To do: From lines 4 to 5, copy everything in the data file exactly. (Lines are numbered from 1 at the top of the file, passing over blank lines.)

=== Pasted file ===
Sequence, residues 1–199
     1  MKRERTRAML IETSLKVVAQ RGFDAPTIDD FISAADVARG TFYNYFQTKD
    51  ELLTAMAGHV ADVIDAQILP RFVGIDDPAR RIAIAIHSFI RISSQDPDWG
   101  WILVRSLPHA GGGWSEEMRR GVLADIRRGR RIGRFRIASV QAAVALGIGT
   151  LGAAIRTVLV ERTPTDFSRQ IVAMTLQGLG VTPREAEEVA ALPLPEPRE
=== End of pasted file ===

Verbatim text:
   101  WILVRSLPHA GGGWSEEMRR GVLADIRRGR RIGRFRIASV QAAVALGIGT
   151  LGAAIRTVLV ERTPTDFSRQ IVAMTLQGLG VTPREAEEVA ALPLPEPRE